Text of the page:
If you’re reading this article, you’re thinking how to become a developer.
Perhaps you’ve already decided to study Java, however, you don’t know where to start or maybe you’re even asking yourself if it’s possible to learn Java in one year. What if you don’t study programming at university? How much time will it take? What do you need to learn? Where to start? If you’ve asked yourself any of these questions, then you’re in the right place.
Before starting learning a programming language, you need to have answers to the following three questions:
- Why? Why do you want to learn a programming language?
- What? What do you need to do to succeed in learning it?
- How? How to achieve significant results in adequate time?
What language to choose?
Let’s suppose that you already have the motivation to learn a programming language. Great.
The next step is to know how likely it is that you will get a job after you finish studying a chosen language and it also helps to know how hard the language is to learn. So let’s see what you can choose from. In this situation we can look at the rating of different programming languages.
For example, TIOBE’s Index for January 2019 lists the following results:
Generally speaking, your chances of getting a high-paying job are much higher if you decide to learn one of the top programming languages.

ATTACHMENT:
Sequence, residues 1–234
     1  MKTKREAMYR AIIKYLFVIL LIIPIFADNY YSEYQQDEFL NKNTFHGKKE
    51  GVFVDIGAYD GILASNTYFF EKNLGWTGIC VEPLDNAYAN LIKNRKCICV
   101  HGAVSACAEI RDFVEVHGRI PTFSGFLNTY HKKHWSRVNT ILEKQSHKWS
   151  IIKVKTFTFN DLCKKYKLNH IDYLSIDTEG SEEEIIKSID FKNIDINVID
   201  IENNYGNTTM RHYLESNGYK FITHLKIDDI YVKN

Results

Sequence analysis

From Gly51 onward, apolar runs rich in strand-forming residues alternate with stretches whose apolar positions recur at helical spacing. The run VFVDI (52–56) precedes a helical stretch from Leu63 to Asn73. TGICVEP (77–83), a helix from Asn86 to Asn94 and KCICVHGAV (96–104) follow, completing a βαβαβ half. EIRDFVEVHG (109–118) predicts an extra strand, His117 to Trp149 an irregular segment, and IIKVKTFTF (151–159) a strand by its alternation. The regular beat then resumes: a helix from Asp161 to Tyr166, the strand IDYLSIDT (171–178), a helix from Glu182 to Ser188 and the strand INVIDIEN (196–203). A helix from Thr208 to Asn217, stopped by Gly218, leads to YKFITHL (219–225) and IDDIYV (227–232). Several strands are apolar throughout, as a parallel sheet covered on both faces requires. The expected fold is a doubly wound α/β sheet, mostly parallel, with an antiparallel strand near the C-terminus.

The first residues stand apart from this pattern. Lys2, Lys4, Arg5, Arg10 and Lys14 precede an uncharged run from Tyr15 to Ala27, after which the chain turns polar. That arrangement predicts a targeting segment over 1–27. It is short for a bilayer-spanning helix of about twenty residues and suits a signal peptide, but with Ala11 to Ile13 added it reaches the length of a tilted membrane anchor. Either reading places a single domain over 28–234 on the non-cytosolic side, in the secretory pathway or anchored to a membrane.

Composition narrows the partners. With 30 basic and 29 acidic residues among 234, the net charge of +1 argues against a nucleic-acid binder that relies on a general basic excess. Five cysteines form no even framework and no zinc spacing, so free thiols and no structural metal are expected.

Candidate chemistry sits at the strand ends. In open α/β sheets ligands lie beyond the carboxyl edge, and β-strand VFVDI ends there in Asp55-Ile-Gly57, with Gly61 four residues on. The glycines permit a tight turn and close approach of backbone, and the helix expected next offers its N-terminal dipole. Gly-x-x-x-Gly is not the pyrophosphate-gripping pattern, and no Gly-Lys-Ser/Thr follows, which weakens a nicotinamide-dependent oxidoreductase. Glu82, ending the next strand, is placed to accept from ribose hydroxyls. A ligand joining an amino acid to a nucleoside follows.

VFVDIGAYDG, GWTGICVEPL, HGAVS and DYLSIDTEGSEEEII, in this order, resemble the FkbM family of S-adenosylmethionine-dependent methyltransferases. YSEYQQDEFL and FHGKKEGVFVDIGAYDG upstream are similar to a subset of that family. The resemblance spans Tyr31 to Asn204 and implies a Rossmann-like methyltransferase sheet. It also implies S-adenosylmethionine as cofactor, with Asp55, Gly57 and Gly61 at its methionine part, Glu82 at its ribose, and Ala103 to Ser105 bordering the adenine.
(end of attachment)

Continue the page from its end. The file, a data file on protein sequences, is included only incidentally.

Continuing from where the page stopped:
In my humble opinion, a good option for starting a career in IT is Java:
- It’s not too difficult to learn
- It can be used for multiple purposes and
- It has a sufficient number of vacancies.
So let’s see why you should consider learning Java.
Java Ecosystem Overview
In the center of the Java ecosystem there is Java Core. At the time of this writing, Java JDK 11 was released. Oracle has changed the Java versioning policy and now there’s not a big difference between the versions as it was at the release of, for example, Java 8. This version remains the most popular and frequently used in most companies and projects. You can safely begin to learn the language with this version.
If you want to be comfortable with the Java programming language, you’ll need to start learning VCS (Versioning Control System) as well as a build tool. As a VCS, I recommend using the leading VCS, which is Git. An advantage is that you can use Github for your code for free. In most organizations, you’ll probably use Atlassian or BitBucket. However, if you learn to use Git, then everything else will be irrelevant.
As for the tools for building projects, there are two options: Maven and Gradle. In my subjective opinion, Maven is preferable, but other developers may have their own opinion. In principle, both tools are equal. There’s also ANT, but it’s getting old and it’s mostly used for old projects.